Whether we’re talking trends in art, architecture, or design, it’s all about seeing the beauty of traditional materials used in new ways. It’s looking at ordinary objects in a different light. It’s rethinking the purpose of conventional spaces. But most of all, it’s about being open to possibilities.
Picture frames increasingly are being recognized as objets d’art that raise the aesthetic as well as the monetary value of the masterworks they surround.
“Every great artist, from Michelangelo and Van Gogh to Thomas Hart Benton, got involved in designing and sometimes even building great frames for each work they created,” says master framer Eli Wilner, whose namesake studio in Manhattan has restored and replicated frames for private clients and museums around the world. “The frame is a tool by which art gets elevated and energized. I consider it an adjunct to the artwork.”
Wilner, who replicated the mammoth $3.5 million frame for Emanuel Leutze’s Washington Crossing the Delaware at The Metropolitan Museum of Art, says that “when the right frame is paired with the right picture, it can add 10% to the value of the work.” And, he adds, “With major artworks selling for upwards of $10 million, that’s a significant amount.”
Eli Wilner & Co. made this frame for the portrait of Zayed bin Sultan Al Nahyan in the Zayed National Museum in Abu Dhabi.
The newest residential towers in big cities are merging working and living spaces to create self-sustaining communities. Long-underutilized riverfront properties in cities such as Chicago, Cincinnati, and Pittsburgh are becoming prime places for mixed-use “mini-habitats” that pair public and private spaces for a vibrant human/nature interaction.
Southbank, a seven-acre development on the south branch of the Chicago River-—built by Lendlease, an international firm based in Sydney, and designed by the global architectural firm Perkins+Will—recently opened the first of five buildings on a half-mile stretch that incorporates the city’s riverwalk into its design.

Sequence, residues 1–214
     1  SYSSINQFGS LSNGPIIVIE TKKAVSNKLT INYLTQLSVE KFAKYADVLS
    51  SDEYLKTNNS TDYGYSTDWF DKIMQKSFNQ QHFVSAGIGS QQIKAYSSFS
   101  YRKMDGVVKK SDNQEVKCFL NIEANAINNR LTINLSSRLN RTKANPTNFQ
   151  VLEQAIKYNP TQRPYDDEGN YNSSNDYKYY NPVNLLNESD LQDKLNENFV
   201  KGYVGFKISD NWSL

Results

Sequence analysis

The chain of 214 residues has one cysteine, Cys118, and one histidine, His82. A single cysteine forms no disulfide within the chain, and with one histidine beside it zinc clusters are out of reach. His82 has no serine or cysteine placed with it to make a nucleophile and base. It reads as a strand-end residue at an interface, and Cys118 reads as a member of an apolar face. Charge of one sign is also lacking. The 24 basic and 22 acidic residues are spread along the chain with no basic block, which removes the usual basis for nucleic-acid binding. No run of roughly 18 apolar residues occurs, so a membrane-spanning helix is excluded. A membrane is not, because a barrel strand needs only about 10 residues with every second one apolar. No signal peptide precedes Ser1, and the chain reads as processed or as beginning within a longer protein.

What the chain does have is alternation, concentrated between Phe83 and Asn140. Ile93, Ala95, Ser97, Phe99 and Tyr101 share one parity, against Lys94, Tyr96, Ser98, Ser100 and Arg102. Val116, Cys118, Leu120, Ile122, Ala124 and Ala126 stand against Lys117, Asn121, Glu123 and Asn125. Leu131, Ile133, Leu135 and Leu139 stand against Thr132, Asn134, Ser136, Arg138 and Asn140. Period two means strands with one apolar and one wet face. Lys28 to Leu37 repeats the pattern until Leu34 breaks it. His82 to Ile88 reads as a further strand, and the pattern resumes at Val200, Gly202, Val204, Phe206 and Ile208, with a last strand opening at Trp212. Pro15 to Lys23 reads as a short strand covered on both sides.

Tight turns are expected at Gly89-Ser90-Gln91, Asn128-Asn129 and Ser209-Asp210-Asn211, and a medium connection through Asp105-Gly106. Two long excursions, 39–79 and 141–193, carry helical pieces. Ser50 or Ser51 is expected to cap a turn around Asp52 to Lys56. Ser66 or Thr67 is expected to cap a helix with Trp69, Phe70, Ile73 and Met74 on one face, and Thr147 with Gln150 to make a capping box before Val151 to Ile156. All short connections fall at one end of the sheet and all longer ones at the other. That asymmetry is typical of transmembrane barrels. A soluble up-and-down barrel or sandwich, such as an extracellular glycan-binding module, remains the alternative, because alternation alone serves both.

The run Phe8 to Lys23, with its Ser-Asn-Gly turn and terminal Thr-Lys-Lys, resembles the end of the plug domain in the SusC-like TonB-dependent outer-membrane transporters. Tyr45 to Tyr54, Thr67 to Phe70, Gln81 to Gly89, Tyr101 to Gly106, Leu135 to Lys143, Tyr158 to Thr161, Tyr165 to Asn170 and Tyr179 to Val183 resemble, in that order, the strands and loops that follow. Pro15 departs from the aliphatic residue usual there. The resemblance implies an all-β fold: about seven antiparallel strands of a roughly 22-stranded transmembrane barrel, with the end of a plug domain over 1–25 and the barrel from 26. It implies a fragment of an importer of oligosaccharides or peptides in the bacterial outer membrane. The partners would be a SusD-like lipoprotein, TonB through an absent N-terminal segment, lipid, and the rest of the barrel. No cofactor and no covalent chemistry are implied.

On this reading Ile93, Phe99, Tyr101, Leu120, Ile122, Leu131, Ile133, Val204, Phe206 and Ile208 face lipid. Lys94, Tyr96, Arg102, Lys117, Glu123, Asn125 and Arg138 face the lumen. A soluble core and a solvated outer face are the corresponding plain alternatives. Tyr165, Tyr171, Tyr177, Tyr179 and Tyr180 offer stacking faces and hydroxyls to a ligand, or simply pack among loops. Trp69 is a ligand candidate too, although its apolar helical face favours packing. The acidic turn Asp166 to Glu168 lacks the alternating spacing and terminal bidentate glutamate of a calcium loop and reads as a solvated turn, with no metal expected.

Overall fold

The 29-story, 452-unit luxury tower, known as The Cooper, is anchored by retail stores and features an amenity level, with a listening lounge with playable musical instruments, a shop space with sewing machines and craft supplies, a hair-and-makeup studio, a game room with a pool table, a club-level fitness center, and co-working rooms. An outdoor terrace, complete with pool and spa, has a pizza oven and grilling stations, a bocce court, a movie-screening area, and fire pits.
“The Southbank development is about the synergy among the residences, the river, and the green space,” says Perkins+Will design principal Todd Snapp. “It’s designed to bring the public and the tower residents to the riverfront by weaving in water-taxi stops, fishing holes, and kayaking stations.”
The Cooper Tower in Chicago's Southbank neighborhood
Elaborate design treatments elevate the status of the ceiling, enhancing its role as the fifth wall.
“In classical styles of architecture, the ceiling was the sky, the cosmos,” says New Orleans architect Ken Tate. “It was something grander and bigger than the wall.” Tate says the treatments, which reference the style of the architecture, imbue the space with personality that “can be subtle or over-the-top.”
In a 12,800-square-foot Palladian-style villa in New Orleans that he designed, Tate allowed the vast ceilings to soar inhigh style with groin and barrel vaults, antique wood beams supported by classically carved brackets, and plaster coves.
“I kept the plaster walls neutral,” he says, “because not only is it in keeping with the Italian Renaissance style, but it also was a way to make the client’s large contemporary artworks stand out on their own.”
And for a British Colonial–style home he designed in the Bahamas, Tate created traditional, pyramidal tray ceilings for a climactic effect. “As an architect, I see myself as a composer and conductor,” he says. “Ceiling designs can reference each other like the repeating notes in a song.”
Ken Tate's ceiling treatment for a New Orleans villa